As consumers, we are not used to ask how things come to us. Things that have such a heavy weight on our lives. Usually we only care about having them and not how those things were made. In truth, we are not designed to question ourselves about them. Instead, we work so we can buy stuff that we find nice and useful.

Such are the times we live in. But, fortunately in our era, the lack of information is easily avoidable, if we ask the right questions and do an appropriate research.

When we ask the right questions, we increase our appreciation for the objects we buy, because suddenly we realize that there is a whole complex process before they reach us – a story. Above all, it makes us understand what kind of consumer we want to be, what brands we want to support and how our planet’s resources are being used.

The questions are simple. Feel free to add yours.

Let’s imagine you are buying a t-shirt:

  1. In what way was the cotton produced? Is it organic? In what part of the world? What resources were used and in what quantities? (Such as soil, and water)
  2. Once produced, how did the cotton arrive at the factory? Who transported it?
  3. At the factory, who worked the fabrics? Who sewed the t-shirt? Under what conditions is the person working? How many t-shirts did the person make in one day? In what part of the world?
  4. Who packed, tagged the t-shirts and put it in the delivery area?
  5. Who transported the t-shirts to the nearest store or storage?
  6. Did it travel by plane? By truck? By bike?
  7. At the store, who unpacked at the warehouse? Did they remove it from the plastic cover, and put it on a display rack?
  8. Who bought the t-shirt? What was the motivation for buying it? How many t-shirts do they have in addition to the one you bought today?
  9. Where does the t-shirt go when you no longer want to wear it?

Now let’s imagine you are at the supermarket buying raspberries:

  1. Where did these raspberries come from?
  2. In what way were they produced? What resources have been extracted from the planet? Did they use pesticides? What are the soil conditions?
  3. Who picked the raspberries and put them in a plastic box?
  4. What resources were used to make the plastic box?
  5. Is  the price of these raspberries fair?
  6. How did they reach me? By plane, by car? How long have they been on the shelf?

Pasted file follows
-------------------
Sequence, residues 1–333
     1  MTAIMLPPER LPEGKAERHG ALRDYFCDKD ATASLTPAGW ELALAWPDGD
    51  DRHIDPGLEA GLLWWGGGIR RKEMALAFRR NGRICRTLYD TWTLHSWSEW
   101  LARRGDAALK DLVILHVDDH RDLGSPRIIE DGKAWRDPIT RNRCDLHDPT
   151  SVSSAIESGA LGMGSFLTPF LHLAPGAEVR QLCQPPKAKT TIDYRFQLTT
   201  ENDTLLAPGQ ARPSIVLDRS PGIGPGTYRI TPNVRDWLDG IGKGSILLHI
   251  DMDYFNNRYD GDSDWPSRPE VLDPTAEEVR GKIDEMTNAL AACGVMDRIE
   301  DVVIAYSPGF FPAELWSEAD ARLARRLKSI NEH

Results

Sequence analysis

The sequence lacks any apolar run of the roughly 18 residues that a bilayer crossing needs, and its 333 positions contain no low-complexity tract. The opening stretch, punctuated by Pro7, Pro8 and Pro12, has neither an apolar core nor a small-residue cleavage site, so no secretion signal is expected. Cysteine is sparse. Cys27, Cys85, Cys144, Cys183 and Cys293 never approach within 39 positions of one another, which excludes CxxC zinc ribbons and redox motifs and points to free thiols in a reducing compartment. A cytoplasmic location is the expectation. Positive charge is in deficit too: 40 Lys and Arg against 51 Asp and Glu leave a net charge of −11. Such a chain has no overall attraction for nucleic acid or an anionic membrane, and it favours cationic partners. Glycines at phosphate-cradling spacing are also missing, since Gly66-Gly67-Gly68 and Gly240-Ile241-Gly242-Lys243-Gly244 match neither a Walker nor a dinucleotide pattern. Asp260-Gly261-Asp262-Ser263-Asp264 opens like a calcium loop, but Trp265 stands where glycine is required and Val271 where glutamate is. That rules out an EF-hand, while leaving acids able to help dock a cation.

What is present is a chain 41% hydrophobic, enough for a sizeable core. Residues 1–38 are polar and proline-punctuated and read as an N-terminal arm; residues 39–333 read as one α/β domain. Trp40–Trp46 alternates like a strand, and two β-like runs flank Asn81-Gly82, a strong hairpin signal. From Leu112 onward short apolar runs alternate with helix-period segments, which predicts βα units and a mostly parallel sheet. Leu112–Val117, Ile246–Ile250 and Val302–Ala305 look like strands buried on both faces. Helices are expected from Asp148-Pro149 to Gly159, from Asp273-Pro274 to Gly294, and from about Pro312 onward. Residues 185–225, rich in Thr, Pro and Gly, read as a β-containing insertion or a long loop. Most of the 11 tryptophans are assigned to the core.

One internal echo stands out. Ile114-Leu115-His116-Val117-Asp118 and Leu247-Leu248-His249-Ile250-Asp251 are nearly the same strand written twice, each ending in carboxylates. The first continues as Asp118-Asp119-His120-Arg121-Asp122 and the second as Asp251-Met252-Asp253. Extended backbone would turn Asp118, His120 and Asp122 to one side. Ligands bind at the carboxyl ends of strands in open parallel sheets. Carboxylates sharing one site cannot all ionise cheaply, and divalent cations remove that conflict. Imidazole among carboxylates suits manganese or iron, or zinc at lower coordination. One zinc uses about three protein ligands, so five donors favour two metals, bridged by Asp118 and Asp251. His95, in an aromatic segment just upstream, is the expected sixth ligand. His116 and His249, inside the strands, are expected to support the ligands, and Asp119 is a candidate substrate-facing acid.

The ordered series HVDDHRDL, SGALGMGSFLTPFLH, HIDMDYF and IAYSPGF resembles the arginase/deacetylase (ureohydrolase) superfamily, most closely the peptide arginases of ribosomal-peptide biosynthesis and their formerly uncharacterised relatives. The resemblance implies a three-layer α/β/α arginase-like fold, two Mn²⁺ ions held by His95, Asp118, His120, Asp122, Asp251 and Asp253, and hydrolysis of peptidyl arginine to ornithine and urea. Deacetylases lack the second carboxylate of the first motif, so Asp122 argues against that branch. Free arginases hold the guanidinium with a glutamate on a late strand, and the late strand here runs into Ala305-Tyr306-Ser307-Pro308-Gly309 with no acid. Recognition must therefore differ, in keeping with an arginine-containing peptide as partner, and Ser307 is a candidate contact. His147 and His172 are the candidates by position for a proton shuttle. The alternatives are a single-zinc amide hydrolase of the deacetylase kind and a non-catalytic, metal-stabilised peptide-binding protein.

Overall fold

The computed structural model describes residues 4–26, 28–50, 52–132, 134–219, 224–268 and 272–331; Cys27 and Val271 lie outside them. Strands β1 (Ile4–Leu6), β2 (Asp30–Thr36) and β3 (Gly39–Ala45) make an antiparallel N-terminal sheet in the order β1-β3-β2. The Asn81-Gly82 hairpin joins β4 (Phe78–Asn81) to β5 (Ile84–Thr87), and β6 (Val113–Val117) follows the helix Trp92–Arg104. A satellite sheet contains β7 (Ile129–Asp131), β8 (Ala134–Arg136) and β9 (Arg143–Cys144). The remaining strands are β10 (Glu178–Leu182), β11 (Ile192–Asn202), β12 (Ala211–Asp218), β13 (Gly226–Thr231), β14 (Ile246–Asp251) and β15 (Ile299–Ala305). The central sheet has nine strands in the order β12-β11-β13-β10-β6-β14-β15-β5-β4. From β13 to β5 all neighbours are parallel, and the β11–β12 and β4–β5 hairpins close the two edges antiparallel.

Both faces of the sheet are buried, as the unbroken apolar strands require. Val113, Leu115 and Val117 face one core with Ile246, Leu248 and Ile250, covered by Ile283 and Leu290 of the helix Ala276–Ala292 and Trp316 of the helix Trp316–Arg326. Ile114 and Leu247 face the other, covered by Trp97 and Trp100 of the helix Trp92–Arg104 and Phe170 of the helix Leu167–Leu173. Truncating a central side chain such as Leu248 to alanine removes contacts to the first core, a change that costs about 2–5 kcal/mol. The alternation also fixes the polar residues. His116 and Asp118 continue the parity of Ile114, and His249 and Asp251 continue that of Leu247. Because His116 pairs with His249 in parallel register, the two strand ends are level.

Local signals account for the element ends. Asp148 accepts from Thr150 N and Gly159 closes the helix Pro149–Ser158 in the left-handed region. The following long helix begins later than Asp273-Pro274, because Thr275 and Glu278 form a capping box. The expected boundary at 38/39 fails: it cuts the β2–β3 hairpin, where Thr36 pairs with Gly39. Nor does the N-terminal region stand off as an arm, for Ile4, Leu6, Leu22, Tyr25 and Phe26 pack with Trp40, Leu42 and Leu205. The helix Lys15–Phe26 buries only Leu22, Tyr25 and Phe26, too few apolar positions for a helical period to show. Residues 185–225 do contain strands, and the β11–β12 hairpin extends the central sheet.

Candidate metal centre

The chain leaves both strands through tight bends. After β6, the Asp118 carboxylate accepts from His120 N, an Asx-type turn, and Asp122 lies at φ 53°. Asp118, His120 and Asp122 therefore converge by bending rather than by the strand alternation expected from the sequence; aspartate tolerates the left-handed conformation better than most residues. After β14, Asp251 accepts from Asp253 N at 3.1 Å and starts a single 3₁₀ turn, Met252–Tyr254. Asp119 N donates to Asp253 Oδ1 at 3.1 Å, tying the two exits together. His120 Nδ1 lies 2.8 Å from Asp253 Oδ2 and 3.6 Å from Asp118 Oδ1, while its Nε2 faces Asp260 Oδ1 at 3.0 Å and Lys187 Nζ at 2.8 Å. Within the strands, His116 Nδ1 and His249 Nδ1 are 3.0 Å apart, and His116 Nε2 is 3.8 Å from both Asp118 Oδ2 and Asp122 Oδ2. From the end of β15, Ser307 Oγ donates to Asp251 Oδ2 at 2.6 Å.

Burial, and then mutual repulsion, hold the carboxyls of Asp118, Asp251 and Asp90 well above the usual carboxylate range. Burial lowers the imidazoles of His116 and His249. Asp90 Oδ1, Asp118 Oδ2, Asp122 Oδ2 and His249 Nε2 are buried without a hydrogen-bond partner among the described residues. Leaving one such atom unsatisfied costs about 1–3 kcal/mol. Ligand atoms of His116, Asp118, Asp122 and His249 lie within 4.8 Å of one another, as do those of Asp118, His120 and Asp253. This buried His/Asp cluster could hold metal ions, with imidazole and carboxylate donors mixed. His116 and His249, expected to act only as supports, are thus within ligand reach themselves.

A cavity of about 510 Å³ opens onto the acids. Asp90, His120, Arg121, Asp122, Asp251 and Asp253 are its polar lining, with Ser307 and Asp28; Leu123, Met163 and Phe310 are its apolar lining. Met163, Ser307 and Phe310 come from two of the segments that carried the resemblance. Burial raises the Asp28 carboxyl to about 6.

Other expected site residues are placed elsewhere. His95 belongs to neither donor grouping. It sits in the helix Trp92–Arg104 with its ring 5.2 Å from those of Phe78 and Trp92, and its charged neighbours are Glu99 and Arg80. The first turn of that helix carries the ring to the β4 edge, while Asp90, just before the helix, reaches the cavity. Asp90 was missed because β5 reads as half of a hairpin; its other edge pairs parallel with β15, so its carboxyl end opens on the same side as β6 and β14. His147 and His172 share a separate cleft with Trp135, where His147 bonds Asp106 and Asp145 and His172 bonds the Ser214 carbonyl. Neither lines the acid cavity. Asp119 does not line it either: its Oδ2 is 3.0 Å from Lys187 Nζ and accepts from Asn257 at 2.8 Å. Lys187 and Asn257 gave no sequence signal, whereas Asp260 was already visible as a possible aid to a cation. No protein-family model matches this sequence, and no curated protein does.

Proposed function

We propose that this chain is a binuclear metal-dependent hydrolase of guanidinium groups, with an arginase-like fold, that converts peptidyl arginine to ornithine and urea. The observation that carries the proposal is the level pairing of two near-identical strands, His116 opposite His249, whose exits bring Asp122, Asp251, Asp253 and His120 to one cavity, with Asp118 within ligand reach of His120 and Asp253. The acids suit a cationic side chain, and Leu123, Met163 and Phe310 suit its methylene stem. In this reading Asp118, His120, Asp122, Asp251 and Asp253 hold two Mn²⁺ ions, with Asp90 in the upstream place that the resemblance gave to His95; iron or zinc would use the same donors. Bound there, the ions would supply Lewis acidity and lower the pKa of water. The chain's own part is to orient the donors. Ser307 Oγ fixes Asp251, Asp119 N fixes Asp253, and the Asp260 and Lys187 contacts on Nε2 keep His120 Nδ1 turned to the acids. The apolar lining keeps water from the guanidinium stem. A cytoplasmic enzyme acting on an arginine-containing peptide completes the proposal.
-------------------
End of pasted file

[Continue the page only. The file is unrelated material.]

7. What will I do to the plastic packaging after eating the raspberries? Can I recycle? Or will it go to the municipal dump? How long will it take to decompose?

These are some basic questions. We do not need to be technical, nor do we need to know how to make raspberries or cotton to ask them.

We do need to put ourselves in the shoes of those who are responsible for the t-shirts and raspberries that reach us. Knowing how a brand produces a product and if they are concerned with basic aspects such as fair wages for their workers, safety conditions, workload, materials and infrastructures, incentives, etc.

We need to know if this is a brand we want to support. Does it exploit its workers while giving them precarious working conditions just so we can have a lot t-shirts at a low price?

Brands that privilege quantity and low prices and do not respect quality, sustainability, fair and dignified conditions for their workers should be banned from our range of options. Because, after all, a new t-shirt will not change our lives, but showing to the brands that we know what we are buying will, and will also change the lives of the workers, breaking this vicious cycle.

It is time for us to act as adults, to stop thinking that there are no other options and to put the laziness aside. Asking questions can be tough, changing habits can be worse, but being quiet only makes us hypocrites, selfish and limited human beings.

So, shall we do it?


This post was originally written in Portuguese. Click here for the original text.

Clique aqui para ler este texto em português.